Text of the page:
Virginia-Maryland Steps in to Fund Lifesaving Surgery

When 8-week-old mixed breed puppy named Marylou needed care, the costs of her surgery and were underwritten by the Compassionate Care Fund.

Mary Lou would have been euthanized had it not been for the Virginia-Maryland College of Veterinary Medicine, which not only accepted the 8-week-old mixed-breed puppy as a patient but underwrote the full cost of her surgery and care through the Compassionate Care Fund. 

The situation was bleak when Mary Lou was referred to the Veterinary Teaching Hospital in Blacksburg, Va. Her jaw had been fractured on one side and pulverized on the other when a cow stepped on her.

Mary Lou was referred by a humane society in Summers County, W.Va., which likely would have had to euthanize her had Virginia-Maryland not intervened, said volunteer Beth Vuolo.

Mary Lou made it through surgery and was adopted after she recuperated.

The Compassionate Care Fund is used hundreds of times a year to help injured animals like Mary Lou. Donations help pay for surgery and other expensive treatments for animals whose owners are unknown or unable to pay.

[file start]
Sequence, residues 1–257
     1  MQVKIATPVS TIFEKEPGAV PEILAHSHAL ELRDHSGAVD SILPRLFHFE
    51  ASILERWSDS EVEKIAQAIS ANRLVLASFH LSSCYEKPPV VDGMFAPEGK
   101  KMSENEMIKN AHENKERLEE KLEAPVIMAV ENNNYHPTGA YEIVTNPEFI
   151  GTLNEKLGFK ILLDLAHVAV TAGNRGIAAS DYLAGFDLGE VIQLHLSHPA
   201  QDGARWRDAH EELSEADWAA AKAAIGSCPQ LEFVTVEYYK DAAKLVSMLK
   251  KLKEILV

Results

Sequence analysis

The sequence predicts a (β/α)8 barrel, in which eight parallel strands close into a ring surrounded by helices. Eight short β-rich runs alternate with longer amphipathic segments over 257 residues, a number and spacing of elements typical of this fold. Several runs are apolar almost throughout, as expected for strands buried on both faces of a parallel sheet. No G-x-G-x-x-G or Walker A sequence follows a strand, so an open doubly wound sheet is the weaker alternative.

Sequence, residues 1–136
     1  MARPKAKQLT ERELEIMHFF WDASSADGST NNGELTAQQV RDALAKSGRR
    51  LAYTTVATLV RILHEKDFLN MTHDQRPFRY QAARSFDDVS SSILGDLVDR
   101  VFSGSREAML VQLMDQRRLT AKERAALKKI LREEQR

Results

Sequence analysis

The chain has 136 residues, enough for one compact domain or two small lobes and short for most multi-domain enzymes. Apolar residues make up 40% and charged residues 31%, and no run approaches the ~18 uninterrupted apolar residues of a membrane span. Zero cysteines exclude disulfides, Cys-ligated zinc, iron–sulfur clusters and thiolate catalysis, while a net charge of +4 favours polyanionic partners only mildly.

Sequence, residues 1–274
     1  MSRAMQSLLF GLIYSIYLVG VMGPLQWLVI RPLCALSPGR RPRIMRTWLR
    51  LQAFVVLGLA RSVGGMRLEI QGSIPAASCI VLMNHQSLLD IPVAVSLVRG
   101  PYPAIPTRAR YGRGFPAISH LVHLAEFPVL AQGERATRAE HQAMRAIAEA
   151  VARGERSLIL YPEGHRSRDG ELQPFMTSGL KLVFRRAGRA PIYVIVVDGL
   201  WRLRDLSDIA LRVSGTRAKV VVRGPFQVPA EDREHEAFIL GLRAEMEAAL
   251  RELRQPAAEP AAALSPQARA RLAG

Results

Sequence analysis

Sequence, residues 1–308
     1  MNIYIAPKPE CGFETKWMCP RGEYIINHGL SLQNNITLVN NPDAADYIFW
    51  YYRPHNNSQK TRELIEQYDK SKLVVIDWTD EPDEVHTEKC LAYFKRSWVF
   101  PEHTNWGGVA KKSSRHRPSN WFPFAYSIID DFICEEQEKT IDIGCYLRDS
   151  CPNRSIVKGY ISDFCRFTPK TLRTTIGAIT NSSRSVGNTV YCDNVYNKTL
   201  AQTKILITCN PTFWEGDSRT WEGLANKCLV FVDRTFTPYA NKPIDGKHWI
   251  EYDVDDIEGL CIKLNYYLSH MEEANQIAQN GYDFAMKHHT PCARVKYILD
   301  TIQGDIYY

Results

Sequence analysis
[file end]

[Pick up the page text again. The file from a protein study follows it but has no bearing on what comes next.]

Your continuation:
The Veterinary Teaching Hospital provides $70,000 to $80,000 in aid every year.

Animal lover Garnett Smith is one of the fund’s biggest donors.

“I just wanted to make sure if someone had love for an animal and was caring for it, yet didn’t have resources to pay for some needed medical care, that I would have something in place to help those people pay for it,” Smith said.

Originally published in the April 2016 issue of Veterinary Practice News. Did you enjoy this article? Then subscribe today! 

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